A few days of terror.

 

Several days ago I wrote rambling, grammatically-challenged, mishmash blog post. It was incomprehensible to even me. I leapt from negative self-talk, to worries about a backslide on my mental health, to sharing some feelings about the destructive politics of the day.

I can create plenty of disasters when I’m in a bout with a panic attack-level form of Anxiety and/or, as I feared then, Depression. Add to that my favorite ways to cram as much into a sentence via “—,” “( ),” “…,” “i.e,” and “e.g.,” and, well, the writing may have helped me begin to process what I was feeling, but it had no place on this blog. (So I “trashed” it.)

That said, let me give some of the content a second draft. I want to do this because the post was the first in a long time that I wondered if one of my demons, Depression, was making a comeback after two-year hiatus.

Thankfully, I don’t think that’s the case anymore. Instead, I think I was incredibly sad about a few real things in my life — which will pass — that got compounded by the destructive politics of the day. I realize not everyone breaks into tears over a headline, but the passage of the $1.5 triillion tax cut very likely means that poor folks are going to suffer more than they currently do.  Now, as my career — my vocation for over 20 years — has been devoted to alleviating poverty, I think the tears were justified. And the situation, as intense as it was, left an opening for Anxiety to pounce on me in multiple ways and even let Depression show Its ugly face, even if for only a brief time.

First, let me note how for a few days Anxiety scared the bejesus out of me. Readers of this blog know that I tussle with Anxiety often. But the tussles come at me in a handful of ways I am used to. In the felt sense, I’m used to certain physical sensations in my throat (e.g. I feel like I’m being choked) and brain (e.g. I feel like my brain has become a concrete-walled echo chamber intensifying self-pessimism, self-fault, and/or self-doubt).

I obviously hate when this happens to me, but I’m used to it taking place every now-and-then.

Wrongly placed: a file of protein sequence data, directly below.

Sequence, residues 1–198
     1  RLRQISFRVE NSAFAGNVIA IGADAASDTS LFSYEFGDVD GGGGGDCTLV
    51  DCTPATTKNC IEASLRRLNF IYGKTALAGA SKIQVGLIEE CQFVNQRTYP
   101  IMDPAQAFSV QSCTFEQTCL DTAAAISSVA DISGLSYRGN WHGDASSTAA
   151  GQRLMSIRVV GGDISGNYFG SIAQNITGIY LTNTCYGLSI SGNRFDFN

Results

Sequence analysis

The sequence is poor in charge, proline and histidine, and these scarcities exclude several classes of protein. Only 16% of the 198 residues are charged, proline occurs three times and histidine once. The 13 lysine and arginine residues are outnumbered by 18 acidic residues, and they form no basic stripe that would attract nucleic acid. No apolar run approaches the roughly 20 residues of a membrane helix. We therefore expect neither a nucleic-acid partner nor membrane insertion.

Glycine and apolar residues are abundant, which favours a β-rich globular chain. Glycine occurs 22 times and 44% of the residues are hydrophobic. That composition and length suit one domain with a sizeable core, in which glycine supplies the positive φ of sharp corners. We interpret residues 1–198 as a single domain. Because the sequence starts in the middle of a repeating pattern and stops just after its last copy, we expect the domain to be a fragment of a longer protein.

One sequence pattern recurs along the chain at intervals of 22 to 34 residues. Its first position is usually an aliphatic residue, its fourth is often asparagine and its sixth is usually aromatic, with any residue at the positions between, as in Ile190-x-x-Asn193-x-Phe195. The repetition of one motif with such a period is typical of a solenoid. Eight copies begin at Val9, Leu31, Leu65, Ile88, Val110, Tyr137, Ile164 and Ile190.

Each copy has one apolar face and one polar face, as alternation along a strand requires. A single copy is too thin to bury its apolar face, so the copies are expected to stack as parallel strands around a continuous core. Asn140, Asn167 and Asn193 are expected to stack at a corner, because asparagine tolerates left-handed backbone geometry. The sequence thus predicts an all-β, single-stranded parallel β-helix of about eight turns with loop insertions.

But for a few days Anxiety brought back a couple of old haunts. First, while many Anxiety-sufferers are used to sleepless terror, my meds had — hopefully, have — made this almost completely disappear. Well, for a couple of recent nights I had that terror return over some incredibly small issues. Had such issues come my way during the regular, wakeful hours, I would have handled them tout suite.

Most scary, however, was when Anxiety turned the air I was breathing in into an incredibly heavy gas. Imagine breathing in something so heavy that each of your lungs felt like they weighed a ton and they lost any elasticity. It felt as if Anxiety decided to show me what a spiritual possession — if I believed in that — feels like, and It had taken residence in my chest.

Thankfully I have not felt these forms of Anxiety for several days now. Fingers-crossed.

Now, let’s turn to the feared Depression. I don’t think it’s accurate for me to say that all is definitely well. I remain on guard as a visit with my mental health med doctor and my therapist are in the not-too-distant future.

That being said, the trajectory of the past couple months points to me simply being very, very sad about the real things happening in the real world. I know for some that can lead to real, situational Depression. But my meds are supposed to protect me against that as well as chronic Depression. By that I don’t mean that I’m supposed to be happy or numb in the face of real and gloomy issues. It simply means that I am allowed to feel the feelings that healthy brain would feel.

So, I ask myself:

  • Should I feel real and prolonged sadness over the loss of my pup, Franco? Absolutely! A healthy brain would.
  • Should I feel sadness and anger as politicians steal $1.5 trillion from our shared economy and now explicitly say they will have to use that theft as reason to cut back on safety nets? You better believe it!
  • Lastly, should I feel sadness because I have a few personal issues to deal with — as everyone does — but I temporarily felt incapable of even making sense of? Sure. We’re all entitled to those days.

As I have not felt the presence of Depression for several days as well, I’m hopeful.

And I don’t think I’m engaged in Pollyannaish-thinking. (If I am, remember, I’ve got my mental health med doctor and my therapist to talk some sense into me.)

Instead, I think I’ve been justifiably sad. And I hit a breaking point one day that brought me into a tailspin.

For now, I’m feeling better … like I’ve processed what needed processing.

Prone to Hope.

 

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